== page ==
Justin Ray Davis loved people. Growing up in Gaithersburg, he had many friends, and even hung out with the parents of his friends. As an Army infantryman in Afghanistan, the 19-year-old made sure to take lots of extra pens when he went on missions - local children often flocked to the soldiers, asking for pens to do schoolwork.
"He would play with the kids and joke around with them," said his friend and platoon mate, Spc. Michael Earner.
Last Sunday, Pfc. Davis was killed in the eastern Kunar province of Afghanistan, possibly by friendly fire, the Defense Department announced yesterday. According to the Associated Press, the U.S.-led coalition released a statement saying that it is "looking into Pfc. Davis' death to determine what happened. No final determination has been made and we will not release any information relating to the investigation till it is complete."
Friends and relatives remembered Private Davis yesterday as a vibrant person who could get along with almost anyone. "People gravitated to him," said the Rev. Barry Moultrie, youth minister at Mount Calvary Baptist Church in Rockville. "Justin was a very special young man."
Mr. Moultrie and Private Davis spent a lot of time together, and several years ago went on a two-week search mission to the rural Bahamas. "He was like a son," Mr. Moultrie said, struggling to keep his composure.
His mother, Paula Davis, said her son loved being in the military. He planned to become an Army Ranger, she said, and when he came home on leave, he often went out in his fatigues, proud to show off his affiliation. "He loved that uniform," she said of her only child.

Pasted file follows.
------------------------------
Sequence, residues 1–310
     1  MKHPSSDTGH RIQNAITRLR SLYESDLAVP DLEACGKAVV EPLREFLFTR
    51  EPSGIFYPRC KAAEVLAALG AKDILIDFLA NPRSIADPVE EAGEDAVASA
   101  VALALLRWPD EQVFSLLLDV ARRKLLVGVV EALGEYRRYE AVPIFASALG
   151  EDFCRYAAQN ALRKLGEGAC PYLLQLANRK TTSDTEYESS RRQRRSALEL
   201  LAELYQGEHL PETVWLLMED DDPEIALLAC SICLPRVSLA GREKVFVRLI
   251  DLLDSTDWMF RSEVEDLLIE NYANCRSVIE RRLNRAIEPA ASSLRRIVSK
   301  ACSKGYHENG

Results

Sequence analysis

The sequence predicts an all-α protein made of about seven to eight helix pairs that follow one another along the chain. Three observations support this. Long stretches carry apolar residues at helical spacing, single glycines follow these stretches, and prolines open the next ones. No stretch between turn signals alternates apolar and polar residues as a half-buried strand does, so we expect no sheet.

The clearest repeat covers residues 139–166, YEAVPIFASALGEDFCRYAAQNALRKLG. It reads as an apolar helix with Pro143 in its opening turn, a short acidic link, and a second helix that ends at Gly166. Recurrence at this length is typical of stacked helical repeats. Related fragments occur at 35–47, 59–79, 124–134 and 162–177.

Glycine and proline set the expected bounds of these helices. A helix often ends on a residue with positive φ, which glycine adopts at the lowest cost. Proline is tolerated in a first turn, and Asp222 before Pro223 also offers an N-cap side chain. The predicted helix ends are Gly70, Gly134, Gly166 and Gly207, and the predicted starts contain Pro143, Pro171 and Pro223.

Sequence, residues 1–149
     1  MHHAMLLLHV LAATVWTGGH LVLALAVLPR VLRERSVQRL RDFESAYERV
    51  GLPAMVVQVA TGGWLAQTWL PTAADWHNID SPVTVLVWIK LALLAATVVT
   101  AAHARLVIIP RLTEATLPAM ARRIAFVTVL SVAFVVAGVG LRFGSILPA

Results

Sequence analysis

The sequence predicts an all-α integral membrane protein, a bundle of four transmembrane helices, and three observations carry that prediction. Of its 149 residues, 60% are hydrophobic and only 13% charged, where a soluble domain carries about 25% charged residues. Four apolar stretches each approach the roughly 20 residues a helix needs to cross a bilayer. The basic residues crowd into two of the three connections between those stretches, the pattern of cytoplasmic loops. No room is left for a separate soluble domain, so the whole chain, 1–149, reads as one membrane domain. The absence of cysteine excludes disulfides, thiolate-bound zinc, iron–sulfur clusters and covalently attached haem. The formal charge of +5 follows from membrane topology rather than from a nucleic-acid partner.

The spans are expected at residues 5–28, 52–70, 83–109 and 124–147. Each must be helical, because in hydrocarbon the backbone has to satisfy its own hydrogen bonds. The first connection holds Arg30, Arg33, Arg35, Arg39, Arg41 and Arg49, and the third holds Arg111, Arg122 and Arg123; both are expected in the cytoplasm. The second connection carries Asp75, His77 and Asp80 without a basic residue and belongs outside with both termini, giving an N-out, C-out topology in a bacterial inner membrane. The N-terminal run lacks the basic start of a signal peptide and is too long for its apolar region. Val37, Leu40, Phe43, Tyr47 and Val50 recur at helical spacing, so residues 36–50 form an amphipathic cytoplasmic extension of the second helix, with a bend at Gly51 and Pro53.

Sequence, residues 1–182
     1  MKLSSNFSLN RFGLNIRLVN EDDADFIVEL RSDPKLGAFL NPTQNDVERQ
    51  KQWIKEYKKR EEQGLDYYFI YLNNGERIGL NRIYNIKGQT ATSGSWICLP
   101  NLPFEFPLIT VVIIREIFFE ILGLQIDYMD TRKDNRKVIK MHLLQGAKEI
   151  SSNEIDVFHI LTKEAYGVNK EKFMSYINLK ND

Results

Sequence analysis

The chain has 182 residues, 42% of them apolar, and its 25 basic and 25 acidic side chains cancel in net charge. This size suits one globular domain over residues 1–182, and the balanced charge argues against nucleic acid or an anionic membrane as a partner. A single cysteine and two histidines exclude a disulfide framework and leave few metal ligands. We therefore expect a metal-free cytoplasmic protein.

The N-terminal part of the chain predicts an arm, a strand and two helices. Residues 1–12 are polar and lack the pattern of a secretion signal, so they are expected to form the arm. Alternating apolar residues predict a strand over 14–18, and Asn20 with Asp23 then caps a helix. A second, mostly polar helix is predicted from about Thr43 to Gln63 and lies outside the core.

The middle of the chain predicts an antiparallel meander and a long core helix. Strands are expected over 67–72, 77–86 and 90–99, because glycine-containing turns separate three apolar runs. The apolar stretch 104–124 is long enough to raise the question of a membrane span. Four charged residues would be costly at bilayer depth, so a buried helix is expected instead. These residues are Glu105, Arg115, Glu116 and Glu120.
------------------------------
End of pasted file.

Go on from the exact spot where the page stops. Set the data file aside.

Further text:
Justin Davis graduated from Col. Zadok Magruder High School in Gaithersburg, where he played running back on the football team. He spent a year at Hargrave Military Academy in Chatham, Va., where he became increasingly captivated by the idea of military service. He joined the Army in 2005 and was assigned to the 32nd Infantry Regiment of the 10th Mountain Division, which is based in Fort Drum, N.Y.
He planned to spend four years in the Army and then attend the University of California, Los Angeles, and become an actor. "I used to tease him and say he was a man with a plan," his mother recalled.
Specialist Earner remembered that in Afghanistan, Private Davis and another friend spent much of their free time making kung fu movies. Using a digital video camera and a laptop, they cast themselves as good guys and villains, then presented the results to their friends. "He was a fun guy to be around," said Specialist Earner, who is also from Gaithersburg and is now at Fort Drum recovering from an injury suffered several months ago.
Paula Davis said the Army had told her that her son might have inadvertently been hit by friendly mortar fire. She said she had been told that he and a group of other soldiers were returning to the base after a mission and had radioed their suspicion that they were being followed.
Almost a week after being notified of his death, his mother said she is still in shock and sometimes still imagines that her son is not really gone. "I comfort myself knowing that he died doing what he loved," she said.
Private Davis will be buried July 10 at Arlington National Cemetery.
A viewing will be held Friday from 2 p.m. to 8 p.m. at Mount Calvary Baptist Church, 608 North Horners Lane, Rockville. On Saturday, at the Inter-Denominational Church of God, 19201 Woodfield Road, in Gaithersburg, another viewing will be held from 10 a.m. to 11 a.m., followed by a funeral service.